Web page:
Isola di Favignana, Italy
One of a few beaches and azure water lagoons found on this island, this postcard was sent by my friend who lives in Italy. It is of Isola di Favignana one of three islands just off the west coast of Sicily. The island is famous for tuna fisheries and is a popular tourist area that can be accessed by hydrofoil from the mainland. The photograph is attributed to Antonio Noto with the publisher given as Favonia Editrice – Mare Favignana.
The Italian Global Postal Service stamp, below, is for use on postcards only and has to be mailed in a special yellow and black GPS box. The postcards are sent to a central hub for sorting. The average time for a postcard using one of these stamps to reach a destination in the United States is supposed to be around 18 days. This card took 3 months to reach me.
Anciently this island was called Aegusa or “goat island,” which made me wonder if there were wild goats living there once. Today the name is derived from an Italian word, Favonio, describing the local winds. The island was a stopping point on trans-Mediterranean trading routes used by the Phoenicians until the defeat of the Carthaginian army during the First Punic War. A major naval battle took place just off the shore when two hundred Roman ships defeated a Carthaginian fleet of 400 ships. The Romans sank 120 ships and took 10,000 prisoners. One legend says that so many dead washed a shore that the northeastern shoreline was called Red Cove for the bloodshed; however, the name actually comes from the red clay on the beach not from blood.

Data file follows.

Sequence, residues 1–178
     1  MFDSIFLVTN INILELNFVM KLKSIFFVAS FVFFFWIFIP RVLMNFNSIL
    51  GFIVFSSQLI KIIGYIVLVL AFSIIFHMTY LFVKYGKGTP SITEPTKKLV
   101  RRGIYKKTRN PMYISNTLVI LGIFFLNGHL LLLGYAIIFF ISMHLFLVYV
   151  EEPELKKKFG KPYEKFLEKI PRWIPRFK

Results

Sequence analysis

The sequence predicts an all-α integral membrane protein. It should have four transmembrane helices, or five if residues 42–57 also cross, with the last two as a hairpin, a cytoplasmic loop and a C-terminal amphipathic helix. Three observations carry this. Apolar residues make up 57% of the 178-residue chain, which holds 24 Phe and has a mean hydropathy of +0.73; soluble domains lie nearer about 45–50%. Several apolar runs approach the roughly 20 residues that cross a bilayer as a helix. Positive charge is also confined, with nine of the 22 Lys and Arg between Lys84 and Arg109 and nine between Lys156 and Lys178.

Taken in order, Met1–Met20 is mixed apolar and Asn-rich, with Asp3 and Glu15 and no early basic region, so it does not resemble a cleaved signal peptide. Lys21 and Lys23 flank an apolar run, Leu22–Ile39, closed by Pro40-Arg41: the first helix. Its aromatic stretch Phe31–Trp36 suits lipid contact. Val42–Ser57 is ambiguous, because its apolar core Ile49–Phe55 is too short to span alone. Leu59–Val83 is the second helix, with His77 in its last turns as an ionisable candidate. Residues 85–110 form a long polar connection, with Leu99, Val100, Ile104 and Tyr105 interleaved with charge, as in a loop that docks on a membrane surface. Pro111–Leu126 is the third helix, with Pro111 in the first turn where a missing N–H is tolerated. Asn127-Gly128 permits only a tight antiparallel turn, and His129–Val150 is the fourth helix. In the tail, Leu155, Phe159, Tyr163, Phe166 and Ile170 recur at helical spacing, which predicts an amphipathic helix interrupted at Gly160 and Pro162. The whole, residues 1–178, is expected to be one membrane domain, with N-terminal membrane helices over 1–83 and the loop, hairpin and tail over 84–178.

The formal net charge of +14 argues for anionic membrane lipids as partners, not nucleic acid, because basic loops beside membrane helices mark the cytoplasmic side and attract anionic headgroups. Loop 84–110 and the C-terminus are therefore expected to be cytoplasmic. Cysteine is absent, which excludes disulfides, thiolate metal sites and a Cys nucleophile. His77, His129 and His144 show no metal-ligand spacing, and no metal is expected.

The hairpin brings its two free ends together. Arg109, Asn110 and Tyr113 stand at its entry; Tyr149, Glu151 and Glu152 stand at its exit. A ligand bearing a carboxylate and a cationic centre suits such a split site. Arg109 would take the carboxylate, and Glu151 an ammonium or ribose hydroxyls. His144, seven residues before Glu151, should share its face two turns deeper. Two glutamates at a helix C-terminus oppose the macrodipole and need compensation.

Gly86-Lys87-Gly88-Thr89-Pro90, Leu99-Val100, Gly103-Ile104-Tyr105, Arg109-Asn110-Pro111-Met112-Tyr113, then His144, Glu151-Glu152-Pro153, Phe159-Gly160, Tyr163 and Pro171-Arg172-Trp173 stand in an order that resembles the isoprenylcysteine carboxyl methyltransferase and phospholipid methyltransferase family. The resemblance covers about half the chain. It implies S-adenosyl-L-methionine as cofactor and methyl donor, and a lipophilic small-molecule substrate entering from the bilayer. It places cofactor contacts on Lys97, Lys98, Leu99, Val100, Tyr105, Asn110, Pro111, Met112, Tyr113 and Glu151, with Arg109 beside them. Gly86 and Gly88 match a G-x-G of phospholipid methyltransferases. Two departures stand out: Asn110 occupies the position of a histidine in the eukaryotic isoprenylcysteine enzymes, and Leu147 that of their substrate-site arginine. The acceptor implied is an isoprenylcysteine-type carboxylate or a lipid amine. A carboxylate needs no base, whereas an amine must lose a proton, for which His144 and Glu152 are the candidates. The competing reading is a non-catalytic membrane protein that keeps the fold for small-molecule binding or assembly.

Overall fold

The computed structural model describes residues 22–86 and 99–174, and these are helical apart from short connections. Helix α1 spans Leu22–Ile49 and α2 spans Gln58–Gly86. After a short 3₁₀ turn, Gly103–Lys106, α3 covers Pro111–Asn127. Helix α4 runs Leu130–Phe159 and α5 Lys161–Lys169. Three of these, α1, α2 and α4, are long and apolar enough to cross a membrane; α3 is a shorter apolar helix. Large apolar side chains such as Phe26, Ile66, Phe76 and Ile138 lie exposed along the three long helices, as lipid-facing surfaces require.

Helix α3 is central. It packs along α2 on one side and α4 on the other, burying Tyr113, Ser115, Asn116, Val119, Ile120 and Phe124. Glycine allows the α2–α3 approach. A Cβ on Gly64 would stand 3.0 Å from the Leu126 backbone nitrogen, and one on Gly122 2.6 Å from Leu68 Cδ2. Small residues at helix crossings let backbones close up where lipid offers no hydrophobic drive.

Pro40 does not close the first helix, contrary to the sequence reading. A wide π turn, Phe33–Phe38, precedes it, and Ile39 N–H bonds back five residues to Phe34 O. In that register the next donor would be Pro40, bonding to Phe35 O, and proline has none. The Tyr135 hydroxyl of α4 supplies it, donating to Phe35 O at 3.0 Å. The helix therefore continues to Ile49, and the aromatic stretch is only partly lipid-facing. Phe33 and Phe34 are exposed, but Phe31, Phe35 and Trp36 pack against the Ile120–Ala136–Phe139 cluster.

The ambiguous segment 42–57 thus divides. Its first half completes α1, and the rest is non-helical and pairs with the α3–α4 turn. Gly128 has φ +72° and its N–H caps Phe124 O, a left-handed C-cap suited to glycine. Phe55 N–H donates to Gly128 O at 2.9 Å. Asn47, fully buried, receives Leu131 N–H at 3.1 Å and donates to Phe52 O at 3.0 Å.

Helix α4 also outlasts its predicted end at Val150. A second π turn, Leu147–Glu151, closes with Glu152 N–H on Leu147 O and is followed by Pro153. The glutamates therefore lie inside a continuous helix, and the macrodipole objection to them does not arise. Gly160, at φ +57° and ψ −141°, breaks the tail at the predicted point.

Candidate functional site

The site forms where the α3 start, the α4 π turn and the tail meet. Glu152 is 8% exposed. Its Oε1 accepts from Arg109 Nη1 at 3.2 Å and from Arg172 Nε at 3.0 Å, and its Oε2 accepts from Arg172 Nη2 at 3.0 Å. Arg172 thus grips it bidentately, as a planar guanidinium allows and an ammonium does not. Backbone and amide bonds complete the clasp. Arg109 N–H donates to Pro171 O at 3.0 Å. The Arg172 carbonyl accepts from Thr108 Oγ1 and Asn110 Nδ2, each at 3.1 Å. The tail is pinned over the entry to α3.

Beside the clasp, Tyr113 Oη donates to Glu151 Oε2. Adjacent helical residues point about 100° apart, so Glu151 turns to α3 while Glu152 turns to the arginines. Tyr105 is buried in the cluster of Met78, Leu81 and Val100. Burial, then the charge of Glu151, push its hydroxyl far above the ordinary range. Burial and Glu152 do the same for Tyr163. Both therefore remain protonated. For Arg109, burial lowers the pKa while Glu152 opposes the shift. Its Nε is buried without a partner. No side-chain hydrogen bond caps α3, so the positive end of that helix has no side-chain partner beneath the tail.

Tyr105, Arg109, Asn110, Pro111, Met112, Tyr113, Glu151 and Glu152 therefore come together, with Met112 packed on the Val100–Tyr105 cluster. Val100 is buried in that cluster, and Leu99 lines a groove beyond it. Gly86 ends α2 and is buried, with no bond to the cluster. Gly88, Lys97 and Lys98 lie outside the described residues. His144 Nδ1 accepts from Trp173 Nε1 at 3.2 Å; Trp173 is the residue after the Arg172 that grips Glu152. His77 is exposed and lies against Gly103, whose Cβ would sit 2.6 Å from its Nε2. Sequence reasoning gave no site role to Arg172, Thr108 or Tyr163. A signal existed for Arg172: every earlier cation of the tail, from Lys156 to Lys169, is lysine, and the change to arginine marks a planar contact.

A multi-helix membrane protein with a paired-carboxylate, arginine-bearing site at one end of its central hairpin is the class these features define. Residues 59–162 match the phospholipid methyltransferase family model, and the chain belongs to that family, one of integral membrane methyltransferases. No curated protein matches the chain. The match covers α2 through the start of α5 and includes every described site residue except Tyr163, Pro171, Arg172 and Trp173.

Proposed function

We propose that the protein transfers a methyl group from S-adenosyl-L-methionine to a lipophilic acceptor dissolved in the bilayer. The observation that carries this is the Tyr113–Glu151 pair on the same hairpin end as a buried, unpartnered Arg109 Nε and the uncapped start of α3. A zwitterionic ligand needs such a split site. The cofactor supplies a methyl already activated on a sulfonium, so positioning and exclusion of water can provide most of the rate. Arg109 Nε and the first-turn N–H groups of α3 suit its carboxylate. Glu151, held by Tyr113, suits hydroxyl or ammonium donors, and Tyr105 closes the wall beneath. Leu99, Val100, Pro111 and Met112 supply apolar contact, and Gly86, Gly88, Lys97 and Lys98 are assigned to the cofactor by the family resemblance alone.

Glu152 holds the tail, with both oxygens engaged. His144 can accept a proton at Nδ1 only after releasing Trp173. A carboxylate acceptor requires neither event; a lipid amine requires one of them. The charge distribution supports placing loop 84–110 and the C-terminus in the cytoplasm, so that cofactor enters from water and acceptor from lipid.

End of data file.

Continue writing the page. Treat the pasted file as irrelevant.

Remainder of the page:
Favignana was captured by Arabs during the early Middle Ages and used as a base to mount the Islamic conquest of Sicily. Later Normans took possession of the island building fortifications there as early as 1081. During the 1400s Giovanni de Karissima was granted the island and called himself the Baron of Tuna for the plentiful tuna found offshore. The Spanish also fished off these waters from the 1600s onward. Besides the fishing there are Calcarenite quarries found here. During the 19th century stone was exported mostly to Tunisia and Libya.
Island economy suffered between the two World Wars but in recent times tourism has turned things around. Because the island is very rocky there are few beaches like the one shown on the postcard. It is, however, a popular site for scuba diving and snorkeling and the calcarenite rock caves are famous. The island also has an active working lighthouse at the westernmost point of the island. The original lighthouse was built in 1860 and shaped like a turret. In 1904 it was rebuilt as a tapered cylinder with a balcony and lantern with a spiral staircase of 200 steps inside. In 1935 the tower was renovated and the height was reduced to 125 ft or 38 m.
As always, many thanks to my friend who sent the card.
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